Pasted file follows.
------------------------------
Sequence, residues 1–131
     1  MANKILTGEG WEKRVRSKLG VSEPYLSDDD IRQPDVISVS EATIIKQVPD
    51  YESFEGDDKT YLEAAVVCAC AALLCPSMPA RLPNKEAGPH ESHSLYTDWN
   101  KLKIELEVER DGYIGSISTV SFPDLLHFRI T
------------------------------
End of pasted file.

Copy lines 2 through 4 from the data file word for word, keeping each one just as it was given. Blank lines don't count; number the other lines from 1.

     1  MANKILTGEG WEKRVRSKLG VSEPYLSDDD IRQPDVISVS EATIIKQVPD
    51  YESFEGDDKT YLEAAVVCAC AALLCPSMPA RLPNKEAGPH ESHSLYTDWN
   101  KLKIELEVER DGYIGSISTV SFPDLLHFRI T